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Washington Square Press
#1 New York Times bestselling author of Tidelands--the "searing portrait of a woman that resonates across the ages" (People)--returns with an evocative historical novel tracking the rise of the Tidelands family in London, Venice, and New England.
Midsummer Eve 1670. Two unexpected visitors arrive at a shabby warehouse on the south side of the River Thames. The first is a wealthy nobleman seeking the lover he deserted twenty-one years earlier. Now James Avery has everything to offer: a fortune, a title, and the favor of the newly restored King Charles II. He believes that the warehouse's poor owner Alinor has the one thing he cannot buy--his son and heir.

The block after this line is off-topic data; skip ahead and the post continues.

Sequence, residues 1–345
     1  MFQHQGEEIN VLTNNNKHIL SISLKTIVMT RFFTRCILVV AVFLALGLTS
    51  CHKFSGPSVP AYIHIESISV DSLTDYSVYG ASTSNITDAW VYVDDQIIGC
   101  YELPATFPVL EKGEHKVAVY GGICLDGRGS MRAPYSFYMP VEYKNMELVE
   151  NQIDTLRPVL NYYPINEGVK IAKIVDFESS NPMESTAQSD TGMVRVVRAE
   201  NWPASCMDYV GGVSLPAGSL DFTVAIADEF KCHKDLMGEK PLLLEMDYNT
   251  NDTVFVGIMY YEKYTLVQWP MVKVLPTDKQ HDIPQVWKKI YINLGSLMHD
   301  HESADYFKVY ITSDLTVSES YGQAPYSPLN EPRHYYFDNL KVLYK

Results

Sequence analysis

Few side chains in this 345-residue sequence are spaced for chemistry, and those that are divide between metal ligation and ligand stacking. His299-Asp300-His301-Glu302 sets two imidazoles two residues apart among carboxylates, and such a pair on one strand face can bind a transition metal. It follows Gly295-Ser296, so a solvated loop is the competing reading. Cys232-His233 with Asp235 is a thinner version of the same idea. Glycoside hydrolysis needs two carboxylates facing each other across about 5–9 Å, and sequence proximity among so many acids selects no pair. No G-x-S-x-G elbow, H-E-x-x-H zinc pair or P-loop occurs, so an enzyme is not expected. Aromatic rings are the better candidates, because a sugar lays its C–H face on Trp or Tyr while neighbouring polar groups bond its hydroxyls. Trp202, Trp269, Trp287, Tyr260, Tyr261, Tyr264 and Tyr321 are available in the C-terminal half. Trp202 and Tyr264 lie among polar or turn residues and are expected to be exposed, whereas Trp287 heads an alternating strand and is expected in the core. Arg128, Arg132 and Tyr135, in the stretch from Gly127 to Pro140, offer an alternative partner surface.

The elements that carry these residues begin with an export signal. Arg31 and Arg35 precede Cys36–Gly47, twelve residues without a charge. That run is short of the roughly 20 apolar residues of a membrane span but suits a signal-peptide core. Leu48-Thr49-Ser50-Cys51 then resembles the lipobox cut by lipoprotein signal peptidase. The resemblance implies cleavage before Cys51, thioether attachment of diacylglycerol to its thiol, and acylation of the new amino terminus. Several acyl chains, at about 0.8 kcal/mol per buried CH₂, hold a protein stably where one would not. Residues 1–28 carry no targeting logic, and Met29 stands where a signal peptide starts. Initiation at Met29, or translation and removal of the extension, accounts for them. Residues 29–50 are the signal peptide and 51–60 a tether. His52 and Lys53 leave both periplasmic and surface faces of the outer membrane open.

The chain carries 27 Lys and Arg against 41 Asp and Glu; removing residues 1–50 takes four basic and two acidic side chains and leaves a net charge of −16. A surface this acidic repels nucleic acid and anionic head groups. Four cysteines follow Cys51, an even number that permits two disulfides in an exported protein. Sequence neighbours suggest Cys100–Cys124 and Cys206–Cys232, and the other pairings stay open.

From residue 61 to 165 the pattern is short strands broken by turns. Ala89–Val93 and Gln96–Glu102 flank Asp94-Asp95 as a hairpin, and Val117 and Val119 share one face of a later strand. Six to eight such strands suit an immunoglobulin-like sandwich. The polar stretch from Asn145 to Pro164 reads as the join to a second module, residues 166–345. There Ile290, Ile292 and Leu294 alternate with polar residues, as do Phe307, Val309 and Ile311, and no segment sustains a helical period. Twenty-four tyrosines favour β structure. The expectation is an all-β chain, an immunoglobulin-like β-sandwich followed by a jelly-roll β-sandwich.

The second visitor is a beautiful widow from Venice in deepest mourning. She claims Alinor as her mother-in-law and tells her of the death of Rob--Alinor's son--drowned in the dark tides of the Venice lagoon.
Meanwhile, Alinor's brother Ned, in faraway New England, is making a life for himself between in the narrowing space between the jarring worlds of the English newcomers and the American Indians as they move towards inevitable war. Alinor writes to him that she knows--without doubt--that her son is alive and the widow is an imposter. But how can she prove it?
Set in the poverty and glamour of Restoration London, in the golden streets of Venice, and on the tensely contested frontier of early America, this is a novel of greed and desire: for love, for wealth, for a child, and for home.
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